I don't know. But I can't wait to see it in person. I think it kind of takes the idea behind, like, the Ice Blazer and takes it a step further as far as aesthetically, which I think is a good thing. The Blazer, I think, is a pretty good-looking crossover, but this, I think, looks even better.
The big story here, of course, is that it's all electric. There's gonna be a police version of it, which I thought was kind of cool. And there will be an SS model, which we did know but now we got a few more details on that. So a little wishy-washy on the Crown, but for this, I think this is gonna be a winner.
JOEL STOCKSDALE: Yeah, it's pretty cool. I do like the styling. I like the-- I like how swoopy it is. It's got high sections over the wheels and dips down low in between.
I really like the fender vents that are scalloped into the doors and such. It's got a nice long, low look to it. It's maybe a little bit cluttered in some areas, but for the most part, I think it's pretty cool.
It's also gonna be offered in a lot of different versions with a lot of powertrain variation. Base ones will be either front-wheel drive or all-wheel drive. The SS will be all-wheel drive and it will have 557 horsepower. And then the RS, which slides in just below, can be had in front-wheel drive, all-wheel drive, or rear-wheel drive, which is really interesting.
It's-- I mean, from a mechanical perspective, it's not necessarily that difficult because when you're using electric motors and you're developing for having all-wheel drive, you have one motor up front, one motor in the back. So going into either front-wheel drive or rear-wheel drive is just as simple as deleting one motor.
GREG MIGLIORE: Yeah.
JOEL STOCKSDALE: So it's gonna to be-- it's gonna be interesting. I am a little bit surprised that, like, base models are gonna be front-wheel drive, especially when this feels very much like a Mustang Mach-E competitor. And the Mach-E is either rear-drive or all-wheel drive. They don't offer a front-drive version of it, which was probably wise because making a crossover version of a Mustang is already gonna make the Mustang faithful kind of annoyed and to make it front-wheel drive would have just sent them careening over the edge.
But, yeah, I mean, I think it looks good. I think all the performance numbers sound right. The interior looks nice, too. The big touch screen looks attractive.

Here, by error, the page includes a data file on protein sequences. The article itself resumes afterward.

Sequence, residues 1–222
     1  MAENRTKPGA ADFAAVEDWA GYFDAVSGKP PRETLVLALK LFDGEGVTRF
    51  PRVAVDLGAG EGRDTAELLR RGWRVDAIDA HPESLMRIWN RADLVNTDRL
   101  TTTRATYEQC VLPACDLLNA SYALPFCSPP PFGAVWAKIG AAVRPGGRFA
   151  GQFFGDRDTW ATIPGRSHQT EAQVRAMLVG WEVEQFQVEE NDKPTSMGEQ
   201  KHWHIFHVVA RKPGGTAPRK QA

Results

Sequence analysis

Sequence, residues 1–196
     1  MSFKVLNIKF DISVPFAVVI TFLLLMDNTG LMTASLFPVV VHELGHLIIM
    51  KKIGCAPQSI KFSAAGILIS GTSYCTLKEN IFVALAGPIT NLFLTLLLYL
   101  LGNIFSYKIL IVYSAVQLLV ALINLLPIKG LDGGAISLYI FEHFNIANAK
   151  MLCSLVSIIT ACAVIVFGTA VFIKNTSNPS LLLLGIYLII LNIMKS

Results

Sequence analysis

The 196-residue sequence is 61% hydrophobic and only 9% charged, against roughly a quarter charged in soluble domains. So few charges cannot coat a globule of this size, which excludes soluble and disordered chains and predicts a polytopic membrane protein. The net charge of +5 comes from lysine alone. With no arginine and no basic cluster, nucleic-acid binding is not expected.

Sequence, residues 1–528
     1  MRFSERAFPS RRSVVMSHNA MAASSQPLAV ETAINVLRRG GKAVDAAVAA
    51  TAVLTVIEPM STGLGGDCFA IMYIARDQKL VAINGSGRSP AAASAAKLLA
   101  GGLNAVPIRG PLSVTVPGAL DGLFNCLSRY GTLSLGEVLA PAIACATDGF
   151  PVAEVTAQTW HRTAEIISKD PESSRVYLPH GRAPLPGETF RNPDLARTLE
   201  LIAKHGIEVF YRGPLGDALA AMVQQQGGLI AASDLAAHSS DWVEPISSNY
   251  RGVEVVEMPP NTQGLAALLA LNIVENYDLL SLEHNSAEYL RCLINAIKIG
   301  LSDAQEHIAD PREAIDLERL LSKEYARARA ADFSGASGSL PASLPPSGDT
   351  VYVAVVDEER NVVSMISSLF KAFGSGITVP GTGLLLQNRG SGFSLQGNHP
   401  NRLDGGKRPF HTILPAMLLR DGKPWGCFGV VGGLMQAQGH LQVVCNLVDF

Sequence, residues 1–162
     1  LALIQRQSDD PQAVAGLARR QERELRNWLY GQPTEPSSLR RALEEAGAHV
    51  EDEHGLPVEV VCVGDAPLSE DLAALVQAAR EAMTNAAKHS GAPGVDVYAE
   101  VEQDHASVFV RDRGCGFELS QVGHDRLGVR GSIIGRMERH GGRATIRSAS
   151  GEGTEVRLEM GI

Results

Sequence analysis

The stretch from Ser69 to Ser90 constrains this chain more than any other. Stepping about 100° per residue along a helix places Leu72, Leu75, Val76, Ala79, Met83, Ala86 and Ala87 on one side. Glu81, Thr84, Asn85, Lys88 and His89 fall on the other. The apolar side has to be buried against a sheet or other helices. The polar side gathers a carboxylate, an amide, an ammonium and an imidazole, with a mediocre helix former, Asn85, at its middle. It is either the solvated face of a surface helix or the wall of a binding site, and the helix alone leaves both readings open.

It's got-- thankfully, it's got plenty of, like, shortcut buttons and things and volume knobs that should make it all easy to use, and it's got nice detailing on the air vents. And also, I mean, with gas-powered GM vehicles, GM knows how to make a car ride and handle well. So I'm looking forward to-- looking forward to trying one out in the future.
GREG MIGLIORE: Yeah, this is definitely on my list of vehicles I'm very intrigued to get behind the wheel of. It's 2024 model. So a little bit of a gestation period, but it's coming.
I think it's interesting, too, the different takes you're seeing from the car companies here. The way the Mach-E-- it's a Mustang, you know? Then you've got the ID.4. It's a crossover.
And then the Blazer is-- well, what is the Blazer, you know? I mean, it's interesting because they use the Blazer name, which a lot of us who are enthusiasts and of a certain age think of when you say Blazer, you think K5, you know? And then it sounds kind of like mid to compact crossover. Now, it's an electric car.
I think Chevy's gonna get the positioning right with this one just in the fact that it's an electric crossover with a name you've heard of that looks good and that's all it has to be, you know? I think it's pretty straightforward. They're trying to play up, I think, its merits and its strengths versus trying to steer into what the idea of it, you know, could be with a name.